7. In the instant case, Plaintiff alleges that Defendant breached its fiduciary duty to him by materially misrepresenting the terms of the Pension Plan before he opted for early retirement and further alleges that he detrimentally relied on Defendant's misinformation insofar as he opted for early retirement when he otherwise would have continued working. Under this theory of liability, Defendant's breach of fiduciary duty occurred in May of 1999, when it misadvised him as to the terms of the Pension Plan, and Plaintiff's claim accrued when Plaintiff relied on Defendant's misinformation to his detriment by retiring effective June 1, 1999. See Ranke, 436 F.3d at 202 ("'[A]ny breach that may have occurred was completed, and a claim based thereon accrued, no later than the date upon which the employee relied to his detriment on the misrepresentations.'" (quoting In re Unisys Corp. Retiree Med. Benefit "ERISA" Litig., 242 F.3d 497, 505-06 (3d Cir. 2001) ("Unisys III")); Keen v. Lockheed Martin Corp., 486 F. Supp. 2d 481, 492 (E.D. Pa. 2007) (noting that, in Unisys III, "the [six-year] limitations period began no later than the date on which plaintiffs retired, for this was the last date on which defendants could have made misrepresentations that induced plaintiffs to retire.") In addition, to the extent that Plaintiff's claim is based on an alleged omission, Defendant's last opportunity to "cure" the omission was also June 1, 1999, because that was the last date on which Defendant could have averted Plaintiff's detrimental reliance on the incomplete information by advising him of the effect of any Social Security Disability award. See Librizzi v. Children's Mem'l Med. Ctr., 134 F.3d 1302, 1307 (7th Cir. 1998) (explaining that, under § 1113, an ERISA fiduciary can only "cure" a fiduciary violation based on an omission by fixing the omission before the participant relies upon on it, not by providing the participant with a remedy for the violation after the detrimental reliance has occurred); Olivo v. Elky, 646 F. Supp. 2d 95, 102 (D.D.C. 2009) (same) (citing Librizzi, 134 F.3d at1307). Thus, the six-year period under § 1113(1)(a) or (b) expired on June 1, 2005, six years after the effective date of Plaintiff's retirement, i.e., June 1, 1999, and over five years before Plaintiff commenced the instant action on June 23, 2010.*fn1

8. Relying on the alternative three-year statutory period in 29 U.S.C. § 1113(2), Plaintiff argues that he did not have "actual knowledge" that he would lose his Supplemental Pension if he became eligible for Social Security Disability benefits until he received Defendant's June 28, 2008 letter, which advised him that his Supplemental Pension payments were terminated. See Pl.'s Proposed Findings of Fact at ¶ 21; Pl.'s Proposed Conclusion of Law at ¶ E. He therefore suggests that the statute of limitations did not expire until three years later, on June 28, 2011, and that his June 23, 2010 commencement of this action was timely. However, this argument ignores the fact that 29 U.S.C. § 1113 provides that the statute of limitations expires on the earlier of the expiration of the six-year period in § 1113(1) or the expiration of the three-year period in § 1113(2). See Ranke, 436 F.3d at 201 (explaining that the three-year period in § 1113(2) only functions to shorten the otherwise applicable six-year statute of limitations period, not lengthen it) (citing Kurz, 96 F.3d at 1551). Because the six-year period in § 1113(1) expired on June 1, 2005, before the asserted June 28, 2011 expiration of the three-year period in § 1113(2), it is the expiration of the six-year period that is operative here.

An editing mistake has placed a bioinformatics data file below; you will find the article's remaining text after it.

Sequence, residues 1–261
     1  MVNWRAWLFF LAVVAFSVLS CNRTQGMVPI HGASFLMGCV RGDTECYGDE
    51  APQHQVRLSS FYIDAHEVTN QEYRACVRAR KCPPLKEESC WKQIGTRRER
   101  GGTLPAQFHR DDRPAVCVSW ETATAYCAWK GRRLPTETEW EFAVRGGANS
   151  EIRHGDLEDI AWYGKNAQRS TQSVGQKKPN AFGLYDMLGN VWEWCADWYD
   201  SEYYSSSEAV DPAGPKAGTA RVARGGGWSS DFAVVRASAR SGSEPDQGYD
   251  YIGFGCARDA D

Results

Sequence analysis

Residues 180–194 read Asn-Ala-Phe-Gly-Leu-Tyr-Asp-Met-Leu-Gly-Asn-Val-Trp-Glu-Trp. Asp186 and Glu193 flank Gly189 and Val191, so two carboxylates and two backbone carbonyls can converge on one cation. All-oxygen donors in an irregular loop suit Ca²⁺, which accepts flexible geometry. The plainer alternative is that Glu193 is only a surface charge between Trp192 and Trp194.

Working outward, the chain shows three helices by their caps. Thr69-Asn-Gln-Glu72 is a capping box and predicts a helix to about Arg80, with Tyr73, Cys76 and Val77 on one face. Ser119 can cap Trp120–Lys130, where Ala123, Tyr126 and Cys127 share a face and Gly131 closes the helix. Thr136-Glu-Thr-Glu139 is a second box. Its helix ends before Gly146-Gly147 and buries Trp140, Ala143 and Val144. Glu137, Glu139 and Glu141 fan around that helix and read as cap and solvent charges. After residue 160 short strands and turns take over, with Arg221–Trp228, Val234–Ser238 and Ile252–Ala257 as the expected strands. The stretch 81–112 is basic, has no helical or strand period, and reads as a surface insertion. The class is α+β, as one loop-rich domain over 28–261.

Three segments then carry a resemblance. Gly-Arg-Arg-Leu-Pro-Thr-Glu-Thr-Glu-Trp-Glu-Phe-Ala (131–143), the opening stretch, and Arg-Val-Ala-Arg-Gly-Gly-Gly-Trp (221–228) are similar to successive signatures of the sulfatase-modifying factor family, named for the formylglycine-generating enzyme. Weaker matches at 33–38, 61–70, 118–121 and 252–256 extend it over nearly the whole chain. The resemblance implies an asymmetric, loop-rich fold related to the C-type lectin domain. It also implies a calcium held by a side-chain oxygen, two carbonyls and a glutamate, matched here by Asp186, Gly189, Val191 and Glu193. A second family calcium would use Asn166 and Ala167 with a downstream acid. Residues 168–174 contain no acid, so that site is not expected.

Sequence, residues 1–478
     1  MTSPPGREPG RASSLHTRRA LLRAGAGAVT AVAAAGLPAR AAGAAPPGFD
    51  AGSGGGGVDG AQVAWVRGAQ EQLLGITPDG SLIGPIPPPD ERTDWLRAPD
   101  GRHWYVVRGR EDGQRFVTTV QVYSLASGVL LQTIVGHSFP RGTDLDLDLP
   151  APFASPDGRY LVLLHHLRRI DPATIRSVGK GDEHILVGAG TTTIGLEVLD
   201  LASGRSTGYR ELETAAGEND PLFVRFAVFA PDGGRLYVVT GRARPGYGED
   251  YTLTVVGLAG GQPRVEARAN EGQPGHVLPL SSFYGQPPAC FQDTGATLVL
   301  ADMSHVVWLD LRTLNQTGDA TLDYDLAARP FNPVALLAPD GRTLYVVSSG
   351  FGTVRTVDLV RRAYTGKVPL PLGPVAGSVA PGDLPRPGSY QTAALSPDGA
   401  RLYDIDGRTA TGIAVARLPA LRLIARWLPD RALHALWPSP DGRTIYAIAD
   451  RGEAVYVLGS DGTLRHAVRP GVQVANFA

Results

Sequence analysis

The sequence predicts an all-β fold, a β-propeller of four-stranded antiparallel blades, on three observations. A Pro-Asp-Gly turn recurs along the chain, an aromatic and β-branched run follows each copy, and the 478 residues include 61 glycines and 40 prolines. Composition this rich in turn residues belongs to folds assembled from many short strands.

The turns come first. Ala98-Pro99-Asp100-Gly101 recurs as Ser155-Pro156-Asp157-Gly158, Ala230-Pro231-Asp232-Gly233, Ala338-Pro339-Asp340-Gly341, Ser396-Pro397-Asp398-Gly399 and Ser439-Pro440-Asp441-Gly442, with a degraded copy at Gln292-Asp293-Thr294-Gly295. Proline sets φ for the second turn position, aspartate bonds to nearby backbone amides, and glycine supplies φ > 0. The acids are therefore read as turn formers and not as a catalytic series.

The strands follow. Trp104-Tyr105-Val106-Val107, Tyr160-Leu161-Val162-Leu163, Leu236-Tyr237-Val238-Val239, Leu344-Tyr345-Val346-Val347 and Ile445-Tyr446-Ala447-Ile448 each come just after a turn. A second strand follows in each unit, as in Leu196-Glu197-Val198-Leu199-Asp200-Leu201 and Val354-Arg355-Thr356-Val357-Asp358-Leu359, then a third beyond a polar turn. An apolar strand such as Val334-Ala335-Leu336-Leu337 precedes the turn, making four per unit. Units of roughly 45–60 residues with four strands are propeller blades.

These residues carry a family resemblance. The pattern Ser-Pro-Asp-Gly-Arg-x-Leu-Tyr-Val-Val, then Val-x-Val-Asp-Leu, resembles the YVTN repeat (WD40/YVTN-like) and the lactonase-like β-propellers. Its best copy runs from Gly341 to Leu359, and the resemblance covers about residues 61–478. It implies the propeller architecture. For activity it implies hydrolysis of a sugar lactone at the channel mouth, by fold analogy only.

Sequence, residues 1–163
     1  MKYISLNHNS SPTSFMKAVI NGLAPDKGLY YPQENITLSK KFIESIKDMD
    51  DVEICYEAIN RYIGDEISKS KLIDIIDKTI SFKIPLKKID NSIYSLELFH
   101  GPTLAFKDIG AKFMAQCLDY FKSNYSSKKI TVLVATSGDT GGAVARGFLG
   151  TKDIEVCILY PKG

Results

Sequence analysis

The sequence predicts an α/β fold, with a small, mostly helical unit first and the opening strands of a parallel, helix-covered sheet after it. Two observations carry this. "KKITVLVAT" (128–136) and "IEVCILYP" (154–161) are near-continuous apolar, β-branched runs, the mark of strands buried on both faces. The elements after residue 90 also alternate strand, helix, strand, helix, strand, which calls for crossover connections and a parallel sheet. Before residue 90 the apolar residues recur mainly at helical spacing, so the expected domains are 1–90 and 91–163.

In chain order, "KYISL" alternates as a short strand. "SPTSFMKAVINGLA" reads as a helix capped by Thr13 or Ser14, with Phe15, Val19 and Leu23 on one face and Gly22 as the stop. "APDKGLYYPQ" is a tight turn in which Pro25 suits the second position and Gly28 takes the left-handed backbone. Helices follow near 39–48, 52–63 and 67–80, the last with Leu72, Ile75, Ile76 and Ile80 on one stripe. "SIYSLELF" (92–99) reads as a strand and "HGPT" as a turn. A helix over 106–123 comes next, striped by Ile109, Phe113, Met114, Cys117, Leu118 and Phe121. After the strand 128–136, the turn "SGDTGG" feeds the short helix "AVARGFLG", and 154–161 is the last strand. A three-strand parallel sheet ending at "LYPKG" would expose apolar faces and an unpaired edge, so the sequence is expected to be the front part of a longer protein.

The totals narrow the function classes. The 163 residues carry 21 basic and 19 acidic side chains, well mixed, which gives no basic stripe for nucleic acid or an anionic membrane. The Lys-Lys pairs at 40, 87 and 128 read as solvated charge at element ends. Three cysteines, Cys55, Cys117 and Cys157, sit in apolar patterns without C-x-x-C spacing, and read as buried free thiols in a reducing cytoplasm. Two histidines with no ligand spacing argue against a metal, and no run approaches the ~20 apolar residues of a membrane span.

9. Plaintiff also suggests that § 1113's "fraud or concealment" exception should apply here, because Defendant concealed its 1999 breach of fiduciary duty by failing to advise him for several years after he retired that his Supplemental Pension payments would be terminated if he began receiving Social Security Disability. "To invoke [this] provision, however, the defendant must 'have Id. at ¶ F. taken affirmative steps to hide its breach of fiduciary duty.'" Leckey v. Stefano, 501 F.3d 212, 228 (3d Cir. 2007) (quoting Ranke, 436 F.3d at 204). In addition, the plaintiff must establish that such affirmative steps prevented him "from discovering the alleged breach of duty before the statute of limitations expired." Ranke, 436 F.2d at 204. Here, Plaintiff introduced no evidence at trial that Defendant took affirmative steps to conceal information from Plaintiff between its alleged breach in May 1999 and the June 1, 2005 expiration of the statute of limitations.*fn2 Accordingly, we conclude that § 1113's fraud or concealment exception does not apply here.

10. Under all of the above circumstances, the operative statute of limitations period is the six-year limitations period in § 1113(1). That period expired on June 1, 2005, and Plaintiff's breach of fiduciary duty claim, which was not asserted until June 23, 2010, is barred by the statute of limitations.

IV. CONCLUSION

For the foregoing reasons, we conclude that Plaintiff's breach of fiduciary duty claim is barred by the statute of limitations. We therefore enter judgment in favor of Defendant and against Plaintiff. An appropriate Order follows.

BY THE COURT:

John R. Padova, J.